Thursday, August 29, 2013

Comments

Someone in my comments section yesterday suggested that I keep an eye on our president because they're threatening action in Syria.
Let me be very clear, I steer clear of politics, I've decided  that "a pox on both your houses" is how I feel about the politics of this country and the two parties running it.
No one in Washington listens to us or cares what we want or think.
As to Mr. Obama, Europe liked him better than most of us did, we feared having an amateur in the White House.  So if you're no longer cheering for him consider why you cheered for him in the first place.

Wednesday, August 28, 2013

I Can't Believe We Watched It

It's true, we not only watched  it, we enjoyed it, yes, we watched Duck Dynasty.  Nothing worth watching on tv the other night, no baseball, no football, so  I started channel surfing and ran across this program.  My sister, who is not entirely nuts, swears by it, so we stopped surfing and began watching, and before we knew it we were laughing, it was funny.  I was surprised.  I'm not sure I'd be a regular watcher, but wouldn't mind catching a few more episodes.  It was happy, happy, happy.

Monday, August 26, 2013

We Went Out Last Night

Actually it was Saturday night, hadn't been dancing in forever and decided it was time, so we went to check out a band that had a guitar player we knew.  They were playing at a new club, well kind of new, it use to be a club we went to frequently and then the owner had a heart attack while sitting at the bar and the place had to be sold.  Anyway, we hadn't been there since the new owners took it over and we decided to see what it was like.  Called a friend who'd been there and she was less than thrilled with the place, too few tables to sit at and  too many pool tables.  Oh well, told her we'd be going anyway.
So there we were, place looked cleaner than we remembered,  the band was ok, not as good as they thought they were, but definitely danceable and that's what we'd come for.
So we danced, stretched out muscles that hadn't been stretched in awhile, got our breathing to settle down and finally managed to stop stepping all over each other's toes, it felt good.
After a few dances a nice looking lady came over to our table and in a lovely burr told us she was from Scotland and she loved our dancing, that we moved as one, we were fantastic and would we mind if she video taped us.  We just kind of looked at her, hadn't she seen us stepping all over each other?  Don't they dance in Scotland?  Well, she looked like a nice lady and we told her we wouldn't mind, so she did.  A bit later she brought her sister over who also complimented us and thanked us for letting them tape us, said they could watch us all night, but unfortunately they had to drive to Raleigh, North Carolina where the sister lived.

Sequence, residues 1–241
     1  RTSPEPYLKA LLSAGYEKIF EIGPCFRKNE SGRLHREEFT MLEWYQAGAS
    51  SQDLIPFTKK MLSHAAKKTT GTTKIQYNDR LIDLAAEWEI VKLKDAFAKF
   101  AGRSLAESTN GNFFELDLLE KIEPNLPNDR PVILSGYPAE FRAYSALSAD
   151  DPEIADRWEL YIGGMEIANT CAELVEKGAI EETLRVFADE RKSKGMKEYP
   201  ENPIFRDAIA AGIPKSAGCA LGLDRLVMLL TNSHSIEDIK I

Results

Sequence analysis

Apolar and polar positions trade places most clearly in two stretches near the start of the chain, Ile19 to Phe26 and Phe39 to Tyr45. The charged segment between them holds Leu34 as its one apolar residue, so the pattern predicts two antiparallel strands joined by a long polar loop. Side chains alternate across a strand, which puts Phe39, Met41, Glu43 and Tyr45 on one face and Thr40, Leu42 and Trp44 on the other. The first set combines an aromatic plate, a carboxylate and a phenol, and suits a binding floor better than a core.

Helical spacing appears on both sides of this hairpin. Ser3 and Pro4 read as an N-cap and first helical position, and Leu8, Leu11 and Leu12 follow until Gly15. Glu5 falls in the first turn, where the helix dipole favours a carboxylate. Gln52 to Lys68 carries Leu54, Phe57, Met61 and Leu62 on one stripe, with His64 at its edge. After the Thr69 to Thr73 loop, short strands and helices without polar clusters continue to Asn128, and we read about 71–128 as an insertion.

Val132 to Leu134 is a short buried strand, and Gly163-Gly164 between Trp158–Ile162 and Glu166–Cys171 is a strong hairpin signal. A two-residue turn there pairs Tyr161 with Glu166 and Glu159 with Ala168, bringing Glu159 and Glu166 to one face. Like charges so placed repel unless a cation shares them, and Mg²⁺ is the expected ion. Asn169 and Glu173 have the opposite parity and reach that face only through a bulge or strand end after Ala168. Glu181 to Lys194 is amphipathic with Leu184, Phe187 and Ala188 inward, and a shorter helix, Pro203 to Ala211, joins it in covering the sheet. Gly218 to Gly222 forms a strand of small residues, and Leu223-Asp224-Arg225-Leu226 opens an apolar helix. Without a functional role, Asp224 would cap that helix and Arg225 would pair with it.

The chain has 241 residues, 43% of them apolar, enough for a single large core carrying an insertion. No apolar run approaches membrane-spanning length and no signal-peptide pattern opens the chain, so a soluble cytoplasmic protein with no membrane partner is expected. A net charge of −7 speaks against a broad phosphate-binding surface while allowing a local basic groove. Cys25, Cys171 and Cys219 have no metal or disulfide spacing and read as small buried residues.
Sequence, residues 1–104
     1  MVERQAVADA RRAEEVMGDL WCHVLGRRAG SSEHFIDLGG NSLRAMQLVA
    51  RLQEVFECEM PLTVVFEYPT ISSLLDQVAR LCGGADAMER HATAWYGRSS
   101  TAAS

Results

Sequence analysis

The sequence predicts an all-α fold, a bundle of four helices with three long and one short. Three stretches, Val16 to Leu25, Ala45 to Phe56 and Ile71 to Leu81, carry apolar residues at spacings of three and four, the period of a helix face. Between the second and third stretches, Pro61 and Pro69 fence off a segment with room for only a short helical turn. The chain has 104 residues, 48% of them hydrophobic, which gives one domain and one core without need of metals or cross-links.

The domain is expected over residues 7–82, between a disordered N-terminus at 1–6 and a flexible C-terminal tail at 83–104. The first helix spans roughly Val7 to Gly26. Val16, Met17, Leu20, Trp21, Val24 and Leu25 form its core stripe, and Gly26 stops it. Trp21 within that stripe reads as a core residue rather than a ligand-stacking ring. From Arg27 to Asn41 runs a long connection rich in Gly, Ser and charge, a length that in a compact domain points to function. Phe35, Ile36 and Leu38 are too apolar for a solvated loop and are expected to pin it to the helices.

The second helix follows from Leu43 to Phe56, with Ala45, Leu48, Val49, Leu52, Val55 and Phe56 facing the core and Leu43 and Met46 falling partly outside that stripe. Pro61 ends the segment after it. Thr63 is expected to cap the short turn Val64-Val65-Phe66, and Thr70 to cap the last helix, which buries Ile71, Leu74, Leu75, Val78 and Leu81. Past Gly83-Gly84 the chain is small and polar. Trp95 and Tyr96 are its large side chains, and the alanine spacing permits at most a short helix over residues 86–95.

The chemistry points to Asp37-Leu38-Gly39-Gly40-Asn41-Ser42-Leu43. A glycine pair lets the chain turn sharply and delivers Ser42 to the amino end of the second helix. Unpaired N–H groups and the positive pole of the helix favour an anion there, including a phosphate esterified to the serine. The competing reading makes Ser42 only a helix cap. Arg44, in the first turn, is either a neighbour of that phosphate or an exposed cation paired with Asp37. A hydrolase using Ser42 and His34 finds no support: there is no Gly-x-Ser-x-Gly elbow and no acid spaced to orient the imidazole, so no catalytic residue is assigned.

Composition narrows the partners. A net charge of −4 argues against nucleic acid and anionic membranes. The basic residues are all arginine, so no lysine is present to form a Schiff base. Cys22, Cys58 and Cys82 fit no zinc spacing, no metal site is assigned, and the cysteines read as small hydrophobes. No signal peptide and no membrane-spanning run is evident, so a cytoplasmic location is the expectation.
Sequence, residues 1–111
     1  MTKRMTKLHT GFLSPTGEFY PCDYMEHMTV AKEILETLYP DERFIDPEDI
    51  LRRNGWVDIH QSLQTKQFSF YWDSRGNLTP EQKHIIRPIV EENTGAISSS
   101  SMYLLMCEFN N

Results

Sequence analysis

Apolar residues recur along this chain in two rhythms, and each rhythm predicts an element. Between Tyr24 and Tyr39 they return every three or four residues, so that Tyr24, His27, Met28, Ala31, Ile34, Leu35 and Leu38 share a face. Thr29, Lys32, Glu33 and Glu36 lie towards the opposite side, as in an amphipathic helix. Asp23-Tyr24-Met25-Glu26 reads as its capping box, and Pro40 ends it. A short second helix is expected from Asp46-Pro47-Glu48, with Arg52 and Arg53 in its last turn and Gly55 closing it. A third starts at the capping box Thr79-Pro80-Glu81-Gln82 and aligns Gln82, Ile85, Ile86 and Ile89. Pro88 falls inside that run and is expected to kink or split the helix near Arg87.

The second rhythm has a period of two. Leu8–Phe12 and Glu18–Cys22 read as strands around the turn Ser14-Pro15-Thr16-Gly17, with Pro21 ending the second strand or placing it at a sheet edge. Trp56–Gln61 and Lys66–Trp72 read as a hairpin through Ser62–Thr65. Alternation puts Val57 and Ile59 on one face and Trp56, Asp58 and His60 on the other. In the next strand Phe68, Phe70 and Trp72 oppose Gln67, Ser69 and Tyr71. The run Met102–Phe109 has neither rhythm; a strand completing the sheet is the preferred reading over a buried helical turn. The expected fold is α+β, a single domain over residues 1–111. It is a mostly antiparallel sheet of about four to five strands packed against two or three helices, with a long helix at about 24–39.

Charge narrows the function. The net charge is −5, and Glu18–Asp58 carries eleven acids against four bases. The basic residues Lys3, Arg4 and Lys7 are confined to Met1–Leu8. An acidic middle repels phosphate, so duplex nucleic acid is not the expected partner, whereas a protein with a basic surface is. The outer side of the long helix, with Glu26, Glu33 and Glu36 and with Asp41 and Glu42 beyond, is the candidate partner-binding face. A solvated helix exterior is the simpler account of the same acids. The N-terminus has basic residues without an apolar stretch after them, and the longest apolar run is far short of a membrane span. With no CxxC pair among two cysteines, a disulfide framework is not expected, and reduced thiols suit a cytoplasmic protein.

They left, we danced, it was a good night, made us want to go out a bit more, guess we're not quite as old as we thought we were, of course our knees ached all day yesterday, but they would have anyway.

I'll leave you with a little Kenny Chesney, he went out last night too.
http://youtu.be/lRfKfZHUg84

Friday, August 23, 2013

Perezoso

The Spanish word of the day: perezoso.  It means lazy and that's an apt description of me lately.  My get up and go has gone.  Can't blame it on the weather, it's been more than reasonable for August, who can complain about being in the 80's?  We even had a day in the 70's.
There are a dozen things I should be doing, but instead I've swam, played the piano, played around on the computer and gotten little done.
Maybe I have lazy genes, maybe I'm part cat or could be I'm just too relaxed for my own good.
I guess for penance I'd better go and do some ironing.

Tuesday, August 20, 2013

Strange Maps

Over at Sightings Over 60 a number of interesting maps were posted and I thought I'd pass some of them on and add a few more.

Countries in white are the only ones not to have been invaded by England.



This explains a lot.

Map of the most common surnames in Europe


                                              Countries that don't use the Metric System




Population Density



All of these maps originally came from:  Twisted Sifter






Monday, August 19, 2013

Year End Reading Review

Yes I know it's not the end of the year, but my book year ends on August 19 because that's when I got my first book journal.  This last year I read 153 books, even I'm amazed, sounds like I sat in a corner and did nothing but read all year.  But the truth of the matter is that I read very quickly and I generally have 3 books at a time going, one on my Kindle, one by the couch and one in the bathroom.
What kinds of books?  Well lots of mysteries, 50 of those, I really like a good mystery, also read 24 science fiction/fantasy.  This is probably my favorite genre, but it's hard to find good ones.  I read 9 nonfiction books, mostly biographies and the rest were a mixed bag of literature.
I did a bit of rereading this year, revisiting old friends.  I've been rereading all of Elizabeth George's books, that's the Inspector Lynley/ Barbara Havers stories.  I like the older ones best, but all are good.
I also reread the entire 14 book Robert Jordan/Brandon Sanderson Wheel of Time series, Georgette Heyer's mysteries, Ender's Game by Orson Scott Card and recently I started rereading the Guy Gavriel Kay Fionvar Tapestry triology.